Kenya has in the recent past been facing a myriad of food security challenges from Tuta absoluta which attacks tomatoes, Maize lethal necrosis disease, locusts, floods, foul army worm and currently there are golden snails in Mwea attacking rice.
The ministry of agriculture has said that technology has been at the center of responses to the above challenges insisting that agricultural research is necessary for re-engineering the sector to ensure resilience between emergencies such as COVID-19.
Ministry of Agriculture Chief Administrative Secretary (CAS) Anne Nyaga said that no large country has ever achieved significant growth without modernizing agriculture.
Speaking on Wednesday at the Kenya Agricultural and Livestock Research Organization (KALRO) headquarters while officially opening the High panel conference on Agricultural research in Kenya, Nyaga said we have made progress in modernizing agriculture in Kenya but we have not achieved our full potential.
Nyaga said that the Agricultural Sector Transformation and Growth Strategy (ASTGS) 2019-2029 recognizes that to achieve 100 percent food and nutrition security the country needs a more commercial, vibrant and equitable agriculture sector that supports economic development and thus cement the macroeconomic gains and strides that the country has made in cushioning itself from commodity price volatility and lowering dependence on food imports.
“The ministry of agriculture has initiated sector reforms that are anchored on the ASTGS which aims to inform and bring to life the Food security pillar of the Big4 agenda. The strategy consists of nine flagships which are critical in addressing systemic bottlenecks constraining Kenya’s ability to achieve food and nutrition security,” said the CAS.
She explained that flagship eight seeks to strengthen research and innovation and use of digital data to drive better decision making and performance management.
“The national agricultural research systems policy which is currently under review seeks to streamline, rationalize and put in place a system that is consultative, efficient and effective and takes into account economies of scale to not only use the current scientific, human and physical capabilities but also position Kenya as a hub for agricultural research, innovation, and knowledge base in the region,” said Nyaga.
Agriculture Principal Secretary (PS) Hamadi Boga said that when COVID-19 came everyone was scrambling to look for information and data which was a big challenge adding that this is an indication that the producers of knowledge and information are relevant in every crisis we come across.
“It seems like these crises are increasing in terms of numbers and magnitude. Right now we have a crisis developing because the Rift Valley lakes are filling up beyond the known boundaries and we need to go back to history and see if this is a new phenomenon or it has been there because I believe somebody must have kept that data somewhere,” said Boga.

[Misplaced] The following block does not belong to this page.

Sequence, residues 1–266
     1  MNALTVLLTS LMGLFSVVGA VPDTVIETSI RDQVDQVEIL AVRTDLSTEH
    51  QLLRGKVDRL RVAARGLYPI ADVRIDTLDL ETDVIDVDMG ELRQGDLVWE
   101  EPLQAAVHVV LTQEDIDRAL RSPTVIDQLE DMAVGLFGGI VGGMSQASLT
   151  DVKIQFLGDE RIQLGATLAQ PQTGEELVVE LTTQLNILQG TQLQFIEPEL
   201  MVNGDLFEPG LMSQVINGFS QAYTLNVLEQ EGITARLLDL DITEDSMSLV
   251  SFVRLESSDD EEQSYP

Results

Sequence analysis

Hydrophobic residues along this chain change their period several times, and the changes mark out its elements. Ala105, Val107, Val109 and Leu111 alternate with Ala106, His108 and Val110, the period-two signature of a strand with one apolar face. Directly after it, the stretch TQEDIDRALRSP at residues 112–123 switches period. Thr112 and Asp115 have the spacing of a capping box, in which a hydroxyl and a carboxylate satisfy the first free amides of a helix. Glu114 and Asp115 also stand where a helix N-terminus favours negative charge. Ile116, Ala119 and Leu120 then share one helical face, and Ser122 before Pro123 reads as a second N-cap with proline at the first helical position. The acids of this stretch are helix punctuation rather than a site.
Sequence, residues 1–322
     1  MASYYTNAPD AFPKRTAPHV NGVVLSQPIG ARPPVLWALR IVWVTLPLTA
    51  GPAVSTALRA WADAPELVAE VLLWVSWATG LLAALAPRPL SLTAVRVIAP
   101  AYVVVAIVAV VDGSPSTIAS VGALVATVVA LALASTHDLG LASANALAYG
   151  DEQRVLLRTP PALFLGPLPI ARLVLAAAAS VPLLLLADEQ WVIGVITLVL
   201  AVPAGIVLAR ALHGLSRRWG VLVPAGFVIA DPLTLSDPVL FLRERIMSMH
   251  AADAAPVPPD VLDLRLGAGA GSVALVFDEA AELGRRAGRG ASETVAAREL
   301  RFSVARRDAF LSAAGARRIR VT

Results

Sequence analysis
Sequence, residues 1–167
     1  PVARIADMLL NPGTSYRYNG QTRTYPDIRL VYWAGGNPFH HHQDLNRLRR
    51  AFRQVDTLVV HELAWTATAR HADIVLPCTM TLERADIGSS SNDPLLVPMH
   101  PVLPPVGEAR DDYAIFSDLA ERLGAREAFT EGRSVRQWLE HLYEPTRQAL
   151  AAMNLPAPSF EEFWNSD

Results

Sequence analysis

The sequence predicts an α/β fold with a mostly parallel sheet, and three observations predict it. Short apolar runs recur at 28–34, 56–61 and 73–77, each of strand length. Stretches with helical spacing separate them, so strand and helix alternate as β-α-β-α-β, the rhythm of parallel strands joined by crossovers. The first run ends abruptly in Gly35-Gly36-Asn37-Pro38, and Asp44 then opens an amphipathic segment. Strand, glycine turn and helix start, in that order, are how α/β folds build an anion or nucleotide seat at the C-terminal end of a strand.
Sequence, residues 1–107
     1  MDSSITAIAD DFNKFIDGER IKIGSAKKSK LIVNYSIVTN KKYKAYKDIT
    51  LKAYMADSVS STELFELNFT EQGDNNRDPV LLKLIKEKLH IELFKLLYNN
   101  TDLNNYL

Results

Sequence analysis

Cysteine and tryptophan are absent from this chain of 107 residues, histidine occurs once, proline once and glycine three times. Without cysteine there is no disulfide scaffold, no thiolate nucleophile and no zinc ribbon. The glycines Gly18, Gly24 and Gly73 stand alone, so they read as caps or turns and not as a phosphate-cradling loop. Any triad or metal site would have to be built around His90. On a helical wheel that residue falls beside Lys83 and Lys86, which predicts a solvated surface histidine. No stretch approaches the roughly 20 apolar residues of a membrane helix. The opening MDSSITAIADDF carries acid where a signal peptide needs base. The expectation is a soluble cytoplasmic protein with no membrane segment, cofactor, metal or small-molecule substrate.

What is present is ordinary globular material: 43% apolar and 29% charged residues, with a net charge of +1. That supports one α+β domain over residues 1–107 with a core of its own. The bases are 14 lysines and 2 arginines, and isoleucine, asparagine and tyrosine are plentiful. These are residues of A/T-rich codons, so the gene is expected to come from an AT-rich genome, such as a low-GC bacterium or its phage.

“The ministry has continued to implement the ASTGS despite the COVID-19, floods and locusts. The strategy is written in such a way that pillar nine itself focuses on responding to crisis and it recognizes that the crisis that we will face are economic, diseases and climate related,” said Boga.
Boga said that as we emerge from the crisis they are looking at developing a robust risk management action plan for the agriculture sector which is backed by knowledge so that they do not scramble when there is a challenge.
“When COVID-19 came it looked like a medical crisis but as it evolved and the lockdowns kicked in, there was a challenge in food production due to logistics and getting the inputs in time, getting the food to the market, stability of produce prices, panic buying by consumers and all this needed to be understood and stabilized and we created a food security war room which enabled us to track all these aspects,” explained the PS.
He added that since that we are a food deficit country in some respect seeing that we import a lot of wheat and rice, they had to check the market environment and look at the global scene to ascertain if there is enough of these commodities because there were lockdowns everywhere and they had to make sure that the inflow remain stable and thus protocols were put in place to facilitate movement of food.
“The political and social economic facets need to support the agriculture sector since science conversation alone is hard to get into the political discourse and we are working even with journalists to make sure that even the hard science is discussed and explained so that the voters can understand that science provides solutions for some of the challenges that they are facing,” said Boga.
KALRO Director-General Dr Eliud Kireger said that they are spearheading the development of several technologies, innovations and management practices that include improved high yielding crop varieties, crop disease, pest management and livestock vaccines,
“We have also partnered with other stakeholders in responding to new and emerging issues among them climate change, pest and diseases and aflatoxin management,” said Kireger.
By Joseph Ng’ang’a